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By Weto Olaguer

Bringing Tesseract to Mobile (with React Native)

In a previous post, we brought Tesseract to Ruby land. Doing so enabled us to combine the capability to perform OCR with the robust Ruby on Rails web framework - from within our web server. However, there are good use cases for running it on client's as well, such as on mobile phones. We needed to do this in one of our projects, and this post is a modest attempt to share our learnings.

At reinteractive, we love to work with React Native, which is a framework for developing native mobile apps with JavaScript. The motto "Learn once, write anywhere" saves us a lot of time when developing for multiple platforms, regarding our proficiency with web technologies. Not to mention the balance that the framework brings between speed of development and native performance. We will use this framework to bring Tesseract to mobile.

In summary, this post will start off from the Javascript runtime (the starting point of every React Native app), we'll then cross a bridge to reach the native iOS runtime, run Tesseract, and bring back the data to JavaScript.

  • The JavaScript runtime
  • React Native Bridge
  • The Native runtime
    • Implementing scanForText method
    • Scanning text with Tesseract
  • Back to the JavaScript runtime

By reading through this post you will learn how to open communication between React Native's JavaScript runtime and the native iOS runtime, and do a basic Tesseract setup on mobile.

This post assumes that there is already an existing React Native app. If you don't have one, you can clone this repo - which contains the code in the following sections.

The JavaScript runtime

I initially thought "there's no way we can run Tesseract just from within JavaScript". It turned we can, albeit indirectly. There is a limited number of libraries we can use for React Native and Tesseract integration. They're good if they suit your use cases, but if they don't, then you need to do it yourself, as we did. We will start off with this JavaScript code.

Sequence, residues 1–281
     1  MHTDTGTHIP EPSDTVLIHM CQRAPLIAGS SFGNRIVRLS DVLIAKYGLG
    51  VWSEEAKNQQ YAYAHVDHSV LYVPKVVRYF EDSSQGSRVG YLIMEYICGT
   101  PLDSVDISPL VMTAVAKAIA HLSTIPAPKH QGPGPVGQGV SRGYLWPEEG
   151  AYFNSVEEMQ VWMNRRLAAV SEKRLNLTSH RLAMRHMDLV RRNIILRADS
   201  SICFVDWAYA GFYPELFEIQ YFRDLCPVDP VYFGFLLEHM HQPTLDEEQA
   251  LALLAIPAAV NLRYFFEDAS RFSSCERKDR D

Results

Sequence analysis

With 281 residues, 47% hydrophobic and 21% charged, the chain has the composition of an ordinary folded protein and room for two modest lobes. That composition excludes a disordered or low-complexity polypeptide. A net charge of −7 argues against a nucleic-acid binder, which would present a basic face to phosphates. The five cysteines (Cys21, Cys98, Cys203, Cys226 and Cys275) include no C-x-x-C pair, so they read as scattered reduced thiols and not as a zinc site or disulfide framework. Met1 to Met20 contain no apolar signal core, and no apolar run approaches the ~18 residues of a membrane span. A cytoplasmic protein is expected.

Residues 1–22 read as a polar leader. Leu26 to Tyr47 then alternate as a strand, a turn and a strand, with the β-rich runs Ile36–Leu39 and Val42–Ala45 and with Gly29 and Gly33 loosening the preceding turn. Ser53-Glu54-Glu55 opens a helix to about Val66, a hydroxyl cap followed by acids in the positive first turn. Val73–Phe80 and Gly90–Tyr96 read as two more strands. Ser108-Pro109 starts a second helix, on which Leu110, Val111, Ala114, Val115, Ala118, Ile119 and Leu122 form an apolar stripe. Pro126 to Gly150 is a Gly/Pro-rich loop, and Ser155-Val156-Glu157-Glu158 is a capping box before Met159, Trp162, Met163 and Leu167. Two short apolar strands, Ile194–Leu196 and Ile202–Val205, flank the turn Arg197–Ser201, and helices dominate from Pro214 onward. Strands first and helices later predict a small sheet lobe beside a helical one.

// App.js
import {NativeModules, Image} from 'react-native';
import SampleImage from './sample_image.jpg';

const OCR = NativeModules.OCR;

const source = Image.resolveAssetSource(SampleImage);
const coordinates = { x: 0, y: 0, width: 300, height: 300};

const scanResult = await OCR.scanForText(source.uri, coordinates);
console.log(scanResult) // Some text from the image.

The brief JavaScript code above makes use of React Native's NativeModules. By referencing it, we got access to OCR and OCR.scanForText. At the very least, these are the constructs we need on the JavaScript side to integrate with Tesseract. We'll learn more about them later. The others are just for loading the image that we intend to scan. Onto the bridge.

React Native Bridge

React Native uses a 'Bridge' to allow Javascript code to reach out to some native code. For iOS this means we can reference and call Swift and Objective-C classes and methods, and for Android, Java and Kotlin code. This bridge exposes an array of capabilities and possibilities to our limited JavaScript runtime. Anything that is reachable by our native code is now reachable by Javascript; we will use this to pursue our endeavour.